Fri, Jun 26, 2009 - Page 16 News List

Changes to Taipei Awards stir controversy

By Ho Yi  /  STAFF REPORTER

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While other cinephiles are celebrating the latest installment of the Taipei Film Festival (台北電影節), Ryan Cheng (鄭秉泓) is using his blog (blog.chinatimes.com/davidlean) to bemoan recent changes made to the festival’s structure under Jane Yu (游惠貞), who has been in charge of programming since 2007.

At the top of Cheung’s list of what’s wrong with the Taipei Film Festival is his concern about the relatively high number of local distributors’ films shown in the festival that had or will have commercial releases in Taiwan. “Ordinary audiences don’t pay much attention to whether or not a curator puts a great amount of effort and time into building a good lineup. In my view, Yu chooses [the easy] route. The number of distributors’ films is proportionally too high,” said Cheng, a film critic and a doctoral candidate at the University of Leicester in the UK.

Ordinarily, the partnership between film festivals and distributors is tight but invisible to the audience. It may be detected though, when selected works do not fit with the festival’s themes. This is the case in this year’s Directors in Focus section, with US director Rob Epstein’s four documentaries on homosexuality, all of which will be released by Flash Forward Entertainment (前景娛樂), Kazakhstan-born Sergey Dvortsevoy’s feature debut Tulpan, to be released by Joint Entertainment International (佳映娛樂), and documentaries Bread Day and Highway, both shown at the Taiwan International Documentary Festival, which was curated by Yu in 1998 and 2000.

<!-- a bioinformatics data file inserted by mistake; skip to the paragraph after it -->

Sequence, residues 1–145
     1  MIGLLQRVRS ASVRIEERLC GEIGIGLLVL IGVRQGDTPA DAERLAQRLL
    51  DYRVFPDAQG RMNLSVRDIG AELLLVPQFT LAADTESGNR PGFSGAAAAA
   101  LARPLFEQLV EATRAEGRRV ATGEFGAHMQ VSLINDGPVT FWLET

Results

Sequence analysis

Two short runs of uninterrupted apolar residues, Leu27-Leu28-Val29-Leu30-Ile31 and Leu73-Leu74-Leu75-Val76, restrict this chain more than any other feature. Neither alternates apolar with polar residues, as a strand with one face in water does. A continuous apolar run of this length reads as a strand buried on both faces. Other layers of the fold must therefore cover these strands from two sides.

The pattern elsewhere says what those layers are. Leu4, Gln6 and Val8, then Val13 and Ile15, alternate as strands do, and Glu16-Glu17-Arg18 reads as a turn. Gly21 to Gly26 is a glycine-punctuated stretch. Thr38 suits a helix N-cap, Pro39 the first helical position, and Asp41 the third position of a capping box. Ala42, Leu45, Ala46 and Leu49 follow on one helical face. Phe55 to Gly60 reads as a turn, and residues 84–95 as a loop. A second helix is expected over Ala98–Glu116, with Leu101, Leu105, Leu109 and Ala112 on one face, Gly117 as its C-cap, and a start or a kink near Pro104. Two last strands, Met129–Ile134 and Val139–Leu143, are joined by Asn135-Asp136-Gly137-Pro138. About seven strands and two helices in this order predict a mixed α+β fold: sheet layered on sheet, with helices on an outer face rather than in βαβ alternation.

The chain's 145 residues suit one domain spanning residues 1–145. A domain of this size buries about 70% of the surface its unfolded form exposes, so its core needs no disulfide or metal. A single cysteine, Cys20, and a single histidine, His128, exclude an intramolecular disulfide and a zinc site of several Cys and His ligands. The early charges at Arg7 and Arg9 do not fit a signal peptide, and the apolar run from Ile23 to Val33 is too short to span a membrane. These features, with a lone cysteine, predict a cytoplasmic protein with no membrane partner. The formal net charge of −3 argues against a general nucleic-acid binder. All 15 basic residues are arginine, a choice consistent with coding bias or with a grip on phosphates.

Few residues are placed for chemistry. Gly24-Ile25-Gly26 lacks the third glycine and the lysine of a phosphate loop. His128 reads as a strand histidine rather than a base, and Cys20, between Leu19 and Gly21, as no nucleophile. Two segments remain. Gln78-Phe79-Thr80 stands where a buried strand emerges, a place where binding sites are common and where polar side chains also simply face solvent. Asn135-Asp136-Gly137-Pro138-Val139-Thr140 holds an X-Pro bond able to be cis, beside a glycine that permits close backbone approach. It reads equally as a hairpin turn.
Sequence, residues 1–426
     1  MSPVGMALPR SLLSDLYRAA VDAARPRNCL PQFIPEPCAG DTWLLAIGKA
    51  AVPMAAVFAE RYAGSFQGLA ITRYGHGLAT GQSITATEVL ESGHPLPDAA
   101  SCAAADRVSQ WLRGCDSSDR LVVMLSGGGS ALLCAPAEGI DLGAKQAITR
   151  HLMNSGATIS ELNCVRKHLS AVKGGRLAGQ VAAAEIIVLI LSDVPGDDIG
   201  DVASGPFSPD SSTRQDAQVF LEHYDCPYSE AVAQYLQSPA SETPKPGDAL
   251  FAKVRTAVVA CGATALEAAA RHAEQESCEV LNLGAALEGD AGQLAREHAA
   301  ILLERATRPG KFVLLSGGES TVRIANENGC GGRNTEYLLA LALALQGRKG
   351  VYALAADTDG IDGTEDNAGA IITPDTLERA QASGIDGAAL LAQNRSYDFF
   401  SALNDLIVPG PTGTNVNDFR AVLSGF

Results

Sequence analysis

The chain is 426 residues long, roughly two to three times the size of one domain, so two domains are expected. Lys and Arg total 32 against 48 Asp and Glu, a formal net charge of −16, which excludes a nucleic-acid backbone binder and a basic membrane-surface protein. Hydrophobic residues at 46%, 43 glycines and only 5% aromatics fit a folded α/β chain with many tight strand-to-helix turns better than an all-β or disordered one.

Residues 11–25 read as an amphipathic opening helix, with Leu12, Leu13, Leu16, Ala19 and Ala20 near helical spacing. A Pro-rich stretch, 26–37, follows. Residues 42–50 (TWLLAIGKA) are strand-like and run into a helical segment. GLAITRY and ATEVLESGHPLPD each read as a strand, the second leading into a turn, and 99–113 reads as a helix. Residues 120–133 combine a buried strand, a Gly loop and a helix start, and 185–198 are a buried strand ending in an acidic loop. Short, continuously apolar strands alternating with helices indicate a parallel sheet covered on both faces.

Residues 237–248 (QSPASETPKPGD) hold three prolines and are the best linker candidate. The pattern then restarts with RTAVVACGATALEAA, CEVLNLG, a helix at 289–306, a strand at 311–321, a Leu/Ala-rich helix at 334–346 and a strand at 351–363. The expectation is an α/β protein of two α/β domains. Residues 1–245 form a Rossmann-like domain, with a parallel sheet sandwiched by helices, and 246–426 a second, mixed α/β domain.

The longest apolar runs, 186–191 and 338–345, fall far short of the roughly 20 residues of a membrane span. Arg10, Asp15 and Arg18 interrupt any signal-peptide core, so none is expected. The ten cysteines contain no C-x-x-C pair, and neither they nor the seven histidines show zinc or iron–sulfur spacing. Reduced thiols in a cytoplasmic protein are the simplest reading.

The section had been previously reserved for directors from the chosen country of the year.

Yu does not think working with distributors is a problem. “Unless you are talking about underground or student films, virtually all the films that exist have distributors. So why pretend that the film festival is not part of the industry?” she said.

Asked why non-German directors are being highlighted this year, Yu said she believes in taking advantage of an opportunity to introduce quality works to local audiences. “The festival is here to stay. But when you see the chance to screen the films you love, you’d better do it right away because the opportunity may not present itself in the future,” Yu said.

Cheng’s other qualm with the government-funded event stems from when the Taipei Cultural Foundation (台北市文化基金會) became the festival’s permanent executive body last year, with Department of Cultural Affairs Commissioner Lee Yong-ping (李永萍) as its chief executive officer.

Changes that followed included the removal of the experimental film category from the Taipei Awards, an annual competition and an important platform for young filmmakers in Taiwan. There are more award categories for feature-length works at this year’s Taipei Awards, and the top prize of NT$1 million — which had previously been open to all types of films — is now limited to feature-length works.

Past winners of this prize include documentaries Let It Be (無米樂) and Farewell 1999 (再會吧!一九 九 九), an animated short, Women (女子), and experimental film Stardust 15749001 (星塵15749001).

“The spirit of the festival is openness, diversity and creativity. By favoring feature works over others, the event loses what makes it unique and commendable,” said Cheng, who has served as a jury member for film projects funded by the National Culture and Arts Foundation.

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